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Prisco v. Internal Revenue Service

United States District Court, Second Circuit

November 13, 2013

RUDOLPH P. PRISCO, Plaintiff,
v.
INTERNAL REVENUE SERVICE, Defendant.

MEMORANDUM-DECISION and ORDER

LAWRENCE E. KAHN, District Judge.

I. INTRODUCTION

Plaintiff Rudolph P. Prisco ("Plaintiff")[1] has filed a Motion for an injunction pending his appeal of a bankruptcy court order dissolving a temporary restraining order prohibiting Defendant Internal Revenue Service ("IRS") from collecting certain tax liabilities. Dkt. No. 1 ("Motion"); No. 07-13408, Oct. 31, 2013 Text Order ("Dissolution Order") (Bankr. N.D.N.Y. Dec. 12, 2007).[2] For the following reasons, the Motion is denied.

II. BACKGROUND

On December 12, 2007, Plaintiff filed a bankruptcy petition pursuant to Chapter 13 of the United States Bankruptcy Code (the "Code"), 11 U.S.C. § 1301 et seq. Dkt. No. 1 ("Petition"). The IRS filed a proof of claim, and then amended that proof of claim twice. See Claims 7-1 to -3. The final amended proof of claim submitted by the IRS asserted a $504.91 unsecured priority claim for 2005 and 2006 unpaid taxes as well as interest accruing through the filing date of the Petition. Claim 7-3. The IRS also asserted a $1, 144.65 unsecured general claim: $256.72 for penalties for the unpaid 2005 and 2006 taxes, and the remainder for unpaid taxes, penalties, and interest for 2000. Id.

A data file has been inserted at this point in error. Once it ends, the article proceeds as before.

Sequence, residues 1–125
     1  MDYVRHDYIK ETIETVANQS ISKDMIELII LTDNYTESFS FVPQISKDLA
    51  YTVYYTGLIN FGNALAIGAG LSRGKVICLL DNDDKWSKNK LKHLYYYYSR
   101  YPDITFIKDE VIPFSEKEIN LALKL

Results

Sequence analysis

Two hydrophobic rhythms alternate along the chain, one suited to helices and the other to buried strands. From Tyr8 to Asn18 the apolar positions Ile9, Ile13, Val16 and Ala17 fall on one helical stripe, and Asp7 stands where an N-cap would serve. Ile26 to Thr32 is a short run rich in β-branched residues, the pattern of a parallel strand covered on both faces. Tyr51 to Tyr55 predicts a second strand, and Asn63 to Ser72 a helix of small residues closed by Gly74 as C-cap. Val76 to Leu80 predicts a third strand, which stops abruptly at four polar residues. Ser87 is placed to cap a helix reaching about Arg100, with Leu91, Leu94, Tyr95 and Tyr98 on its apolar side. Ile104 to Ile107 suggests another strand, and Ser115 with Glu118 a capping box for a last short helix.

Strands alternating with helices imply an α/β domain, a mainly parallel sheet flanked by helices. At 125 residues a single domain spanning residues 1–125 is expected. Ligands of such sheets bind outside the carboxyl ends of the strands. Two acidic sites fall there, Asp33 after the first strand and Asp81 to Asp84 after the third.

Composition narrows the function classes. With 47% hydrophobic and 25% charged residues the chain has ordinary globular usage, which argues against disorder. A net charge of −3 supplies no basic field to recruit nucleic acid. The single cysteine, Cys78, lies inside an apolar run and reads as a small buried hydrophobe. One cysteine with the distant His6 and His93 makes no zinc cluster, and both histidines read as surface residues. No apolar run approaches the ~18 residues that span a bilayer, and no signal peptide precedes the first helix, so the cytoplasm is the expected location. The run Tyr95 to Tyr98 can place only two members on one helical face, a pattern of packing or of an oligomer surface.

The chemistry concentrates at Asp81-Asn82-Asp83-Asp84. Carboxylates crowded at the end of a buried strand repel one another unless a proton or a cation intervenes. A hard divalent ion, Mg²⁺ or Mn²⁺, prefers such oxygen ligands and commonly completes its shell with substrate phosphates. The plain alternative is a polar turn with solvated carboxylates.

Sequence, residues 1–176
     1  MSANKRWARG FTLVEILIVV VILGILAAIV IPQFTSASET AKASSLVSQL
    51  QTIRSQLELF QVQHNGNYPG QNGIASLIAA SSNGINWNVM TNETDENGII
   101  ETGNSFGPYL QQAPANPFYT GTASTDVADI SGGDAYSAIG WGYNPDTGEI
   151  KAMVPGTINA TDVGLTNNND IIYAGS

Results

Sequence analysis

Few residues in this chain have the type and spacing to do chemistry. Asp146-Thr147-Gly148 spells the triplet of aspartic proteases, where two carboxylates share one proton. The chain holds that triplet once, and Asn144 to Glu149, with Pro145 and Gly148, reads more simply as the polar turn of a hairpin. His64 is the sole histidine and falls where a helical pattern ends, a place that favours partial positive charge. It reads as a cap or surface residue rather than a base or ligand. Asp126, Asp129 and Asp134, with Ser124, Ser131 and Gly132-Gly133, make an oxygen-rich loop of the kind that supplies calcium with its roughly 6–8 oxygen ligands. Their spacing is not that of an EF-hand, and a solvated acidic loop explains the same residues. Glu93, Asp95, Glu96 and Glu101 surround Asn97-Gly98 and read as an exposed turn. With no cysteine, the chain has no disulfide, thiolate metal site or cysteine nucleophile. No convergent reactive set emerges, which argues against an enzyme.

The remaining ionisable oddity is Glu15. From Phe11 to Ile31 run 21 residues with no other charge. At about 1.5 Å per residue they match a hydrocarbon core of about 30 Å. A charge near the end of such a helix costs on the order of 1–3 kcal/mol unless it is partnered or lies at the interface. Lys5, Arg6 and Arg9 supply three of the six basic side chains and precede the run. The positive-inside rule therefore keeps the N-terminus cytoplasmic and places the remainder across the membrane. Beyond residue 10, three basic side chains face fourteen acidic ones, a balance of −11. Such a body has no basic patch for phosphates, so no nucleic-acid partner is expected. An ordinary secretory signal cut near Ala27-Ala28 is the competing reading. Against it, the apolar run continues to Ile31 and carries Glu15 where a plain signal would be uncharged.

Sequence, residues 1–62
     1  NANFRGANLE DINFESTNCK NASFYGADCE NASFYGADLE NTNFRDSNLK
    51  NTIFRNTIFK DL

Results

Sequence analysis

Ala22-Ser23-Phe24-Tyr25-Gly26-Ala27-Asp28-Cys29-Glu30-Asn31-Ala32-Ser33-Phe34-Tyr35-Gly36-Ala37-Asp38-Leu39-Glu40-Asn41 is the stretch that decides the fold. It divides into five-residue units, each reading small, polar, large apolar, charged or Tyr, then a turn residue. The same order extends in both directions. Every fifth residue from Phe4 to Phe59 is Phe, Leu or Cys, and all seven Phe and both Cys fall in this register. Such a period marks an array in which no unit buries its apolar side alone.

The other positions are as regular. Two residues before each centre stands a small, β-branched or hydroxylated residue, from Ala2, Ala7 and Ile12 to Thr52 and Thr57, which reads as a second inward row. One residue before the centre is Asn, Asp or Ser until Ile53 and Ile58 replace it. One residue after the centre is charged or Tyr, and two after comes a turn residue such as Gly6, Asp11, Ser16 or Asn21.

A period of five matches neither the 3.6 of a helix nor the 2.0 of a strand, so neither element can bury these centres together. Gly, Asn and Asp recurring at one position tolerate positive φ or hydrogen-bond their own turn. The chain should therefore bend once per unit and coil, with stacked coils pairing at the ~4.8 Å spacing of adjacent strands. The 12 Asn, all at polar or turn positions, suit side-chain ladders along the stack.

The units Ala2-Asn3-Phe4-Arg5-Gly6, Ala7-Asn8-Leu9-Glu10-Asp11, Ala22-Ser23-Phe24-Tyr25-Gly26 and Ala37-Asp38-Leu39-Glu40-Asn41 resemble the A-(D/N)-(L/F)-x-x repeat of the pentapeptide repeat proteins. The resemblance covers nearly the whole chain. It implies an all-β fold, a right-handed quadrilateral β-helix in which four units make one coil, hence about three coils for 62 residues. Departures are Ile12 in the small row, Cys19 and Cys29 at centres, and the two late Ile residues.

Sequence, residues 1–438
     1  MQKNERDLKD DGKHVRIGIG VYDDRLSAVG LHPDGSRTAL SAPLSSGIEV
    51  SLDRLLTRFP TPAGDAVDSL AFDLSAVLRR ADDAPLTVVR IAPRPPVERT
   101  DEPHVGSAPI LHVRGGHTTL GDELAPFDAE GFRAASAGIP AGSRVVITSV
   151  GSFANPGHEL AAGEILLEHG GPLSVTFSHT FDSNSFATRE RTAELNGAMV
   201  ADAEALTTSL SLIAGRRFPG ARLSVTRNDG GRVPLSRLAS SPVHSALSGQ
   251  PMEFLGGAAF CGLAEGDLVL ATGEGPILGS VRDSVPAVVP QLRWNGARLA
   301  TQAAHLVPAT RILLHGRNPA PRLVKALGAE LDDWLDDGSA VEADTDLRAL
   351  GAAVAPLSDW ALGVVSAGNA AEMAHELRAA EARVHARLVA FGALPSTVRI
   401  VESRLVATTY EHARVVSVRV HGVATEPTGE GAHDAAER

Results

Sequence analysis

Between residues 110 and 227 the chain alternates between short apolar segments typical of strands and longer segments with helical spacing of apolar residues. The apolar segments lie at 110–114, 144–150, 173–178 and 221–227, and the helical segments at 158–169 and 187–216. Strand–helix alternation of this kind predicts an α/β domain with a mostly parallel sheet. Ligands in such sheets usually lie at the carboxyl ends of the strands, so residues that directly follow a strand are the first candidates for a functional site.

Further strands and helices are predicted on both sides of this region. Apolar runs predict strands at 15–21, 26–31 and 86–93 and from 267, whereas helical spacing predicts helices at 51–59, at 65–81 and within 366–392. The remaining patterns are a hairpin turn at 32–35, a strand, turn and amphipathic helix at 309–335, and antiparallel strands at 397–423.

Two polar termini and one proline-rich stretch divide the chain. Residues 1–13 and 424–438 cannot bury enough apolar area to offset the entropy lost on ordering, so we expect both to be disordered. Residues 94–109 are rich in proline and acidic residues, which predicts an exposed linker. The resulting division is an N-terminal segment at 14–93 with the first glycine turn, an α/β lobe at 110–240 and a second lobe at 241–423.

Plaintiff then submitted a series of proposed bankruptcy plans, the third of which was confirmed by the Bankruptcy Court. See Dkt. Nos. 3; 35; 63 ("Plan"); 70 ("Confirmation Order"). The Plan provided that the IRS would receive full payment for its $504.91 unsecured priority claim. Id. at 2. Plaintiff then submitted an amended plan after the Plan had been confirmed. See Dkt. No. 93 ("Amended Plan"). The Amended Plan, which also provided for full payment of the unsecured priority claim, was approved by the bankruptcy court. See Dkt. No. 92; Text Order of January 8, 2008. Plaintiff made all required payments, and by September 11, 2009, the bankruptcy trustee reported that the IRS had received full payment for its $504.91 unsecured priority claim and $8.46 for its unsecured general claim. See Dkt. No. 152. However, before the bankruptcy court issued Plaintiff a discharge pursuant to Chapter 13, it learned that he had failed to disclose a personal injury claim as an asset of his estate. See Dkt. No. 172 ("Conversion Order"). It therefore converted Plaintiff's bankruptcy case from one under Chapter 13 to one under Chapter 7. Conversion Order. On November 11, 2011, Plaintiff was granted a discharge pursuant to 11 U.S.C. § 727. Dkt. No. 208 ("Discharge").